South of Piemonte and east of Monaco lies Dolceacqua, a place of immense beauty and discoveries. The medieval town is a sight to behold with the prominent Ponte Romano (bridge) leading to ancient Borgo (dwellings) that crawl up to the imposing Castello dei Doria (castle). The beauty of Dolceacqua was captured perfectly by Claude Monet in two of his paintings: “Castle of Dolceacqua” and “Dolceacqua Bridge”. For film buffs, the Oscar nominated film “I Am Love” was filmed here.
Nearby, the medieval towns of Apricale (291m ASL) and Bajardo (900m ASL) perched atop the mountains is utterly breath-taking. For the locals here, the phrase “building castles in the skies” has true meaning. Be forewarned though, the drive up can as harrowing as it is breath-taking. Best to hire a driver if you are not used to two-way-on-one-lane roads that winds about up, down and around.
Dolceacqua ranks in my book as one of the prettiest places on Planet Earth. Add to it the warm and friendly winemakers of Dolceacqua and it becomes very clear why I keep going back.
Rossese di Dolceacqua DOC: A Rare Find
Rossese is a black (violet to be exact) grape and Dolceacqua is the commune in which it is cultivated. Rossese di Dolceacqua DOC is a red wine.
The Rossese grape is believed to have originated from the Middle East and found its home in Liguria. A study in 2009 found Rossese to be genetically similar to Tibouren planted in Provence. While Provence makes rosé from Tibouren, Dolceacqua makes red wines out of Rossese. Liguria is just about the only place in the world that makes red Rossese.
Before World War II there were some 500 hectares of Rossese planted in Dolceacqua. After the WWII much of the vines were replaced with cash crops such as flowers, beans and nuts. Fortunately, the best vineyards were kept to vines.
Today, there are less than 100 hectares of Rossese producing some 300,000 bottles of Rossese di Dolceacqua DOC annually. To put things into perspective, Gevrey-Chambertin AOC (village + 1er cru) is 400+ hectares and produces 2.3 million bottles a year.
Vineyards & Vines: Where Only the Bravest Tread
In Dolceacqua, Rossese vineyards are scattered around 3 valleys – Val Nervia, Val Verbone and Val Roja. These valleys are at 250-450m ASL and sit between the Alps and the Mediterranean sea. The valleys run perpendicular to the sea creating a conduit between the cold Alps and warm sea. Warm winds blows in from the sea in the day, and cold winds blow down from the Alps in the night, resulting in very hot days and equally cold nights.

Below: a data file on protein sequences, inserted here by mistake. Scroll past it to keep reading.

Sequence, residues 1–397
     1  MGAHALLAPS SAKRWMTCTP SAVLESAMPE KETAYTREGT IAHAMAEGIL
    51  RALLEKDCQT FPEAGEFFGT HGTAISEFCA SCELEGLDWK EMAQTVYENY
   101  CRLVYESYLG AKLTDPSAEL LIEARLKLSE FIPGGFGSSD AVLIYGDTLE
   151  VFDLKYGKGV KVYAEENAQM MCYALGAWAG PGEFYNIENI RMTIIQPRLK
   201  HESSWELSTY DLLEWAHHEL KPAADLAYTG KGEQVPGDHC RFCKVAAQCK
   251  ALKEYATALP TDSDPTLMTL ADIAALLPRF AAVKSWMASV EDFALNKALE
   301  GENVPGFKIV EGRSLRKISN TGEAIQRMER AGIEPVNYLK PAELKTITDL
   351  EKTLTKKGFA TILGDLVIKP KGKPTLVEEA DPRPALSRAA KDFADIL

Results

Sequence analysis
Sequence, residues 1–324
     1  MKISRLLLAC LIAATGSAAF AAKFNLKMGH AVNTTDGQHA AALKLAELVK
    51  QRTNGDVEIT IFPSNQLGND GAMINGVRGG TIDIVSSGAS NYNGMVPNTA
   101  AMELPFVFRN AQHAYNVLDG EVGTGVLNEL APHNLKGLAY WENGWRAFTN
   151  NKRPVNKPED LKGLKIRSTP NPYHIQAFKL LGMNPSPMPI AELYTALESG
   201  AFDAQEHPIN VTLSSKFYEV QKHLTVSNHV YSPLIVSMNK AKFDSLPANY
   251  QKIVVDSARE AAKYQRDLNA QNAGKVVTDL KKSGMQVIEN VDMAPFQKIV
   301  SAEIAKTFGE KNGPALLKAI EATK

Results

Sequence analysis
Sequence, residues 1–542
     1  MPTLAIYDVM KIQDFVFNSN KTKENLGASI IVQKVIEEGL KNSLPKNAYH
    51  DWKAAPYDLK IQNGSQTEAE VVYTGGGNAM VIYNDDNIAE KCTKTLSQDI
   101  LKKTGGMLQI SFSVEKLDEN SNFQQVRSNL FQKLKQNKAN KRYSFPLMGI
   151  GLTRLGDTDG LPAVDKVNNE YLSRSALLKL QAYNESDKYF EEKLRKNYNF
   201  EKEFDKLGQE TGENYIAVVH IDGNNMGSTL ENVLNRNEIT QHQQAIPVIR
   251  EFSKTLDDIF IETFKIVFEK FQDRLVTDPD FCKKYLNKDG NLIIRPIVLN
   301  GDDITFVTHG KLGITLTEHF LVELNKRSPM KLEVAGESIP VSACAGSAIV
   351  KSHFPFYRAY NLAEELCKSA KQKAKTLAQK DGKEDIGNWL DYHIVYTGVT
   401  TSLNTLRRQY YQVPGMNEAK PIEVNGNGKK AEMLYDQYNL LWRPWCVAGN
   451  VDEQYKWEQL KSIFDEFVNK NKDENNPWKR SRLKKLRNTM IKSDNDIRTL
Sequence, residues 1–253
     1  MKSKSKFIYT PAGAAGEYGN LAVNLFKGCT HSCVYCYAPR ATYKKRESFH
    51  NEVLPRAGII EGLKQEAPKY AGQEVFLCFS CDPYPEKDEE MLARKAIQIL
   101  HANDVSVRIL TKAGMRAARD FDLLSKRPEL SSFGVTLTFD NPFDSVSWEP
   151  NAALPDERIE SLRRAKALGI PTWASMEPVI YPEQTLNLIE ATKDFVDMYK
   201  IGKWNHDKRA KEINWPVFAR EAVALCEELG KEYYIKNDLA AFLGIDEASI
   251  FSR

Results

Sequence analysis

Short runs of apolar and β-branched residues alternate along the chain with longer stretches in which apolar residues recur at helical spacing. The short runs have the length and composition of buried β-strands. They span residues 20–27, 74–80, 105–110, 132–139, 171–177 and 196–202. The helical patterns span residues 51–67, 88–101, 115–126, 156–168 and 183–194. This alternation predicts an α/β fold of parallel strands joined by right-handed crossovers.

Rossese is typically grown as Alberello vines (bush vines known as “little trees”) on often steep slopes terraced with ancient stone walls. The vineyards are difficult to access and even more difficult to work on. Consequently just about everything has to be done manually. The average age of Rossese vines in Dolceacqua is a whopping 50 years with the oldest vines more than 120 years old. The flipside of this is that yields from such old vines are very low.
The Wines: Mediterranean Elegance
Rossese di Dolceacqua is truly a rare and unique wine with pedigree and character. The wine is ruby in colour reminiscent of Pinot Noir. It has pronounced perfumes of apricots, alpine pines, salty minerals, garrigue, roses, iodine and sometimes cooked ham. On the palate it is transparent and full of energy. Its medium frame carry through apricots, red cherry, provençal herbs and hints of saltiness. Acidity is moderate to high while tannins are elegant yet firm (most Rossese do not see any new oak hence no wood tannins). The best examples are energetic, well balanced and mouth-watering. They makes good drinking by itself or with cured/cooked hams, seafood, pasta, rabbit and goat (both the classic dishes of Liguria).
For a wine so rare and difficult to make, Rossese di Dolceacqua is still very affordable. It is undoubtedly one of the most exciting wine (and region) of Italy. Do remember you heard it first from the Authentic Wine Explorers.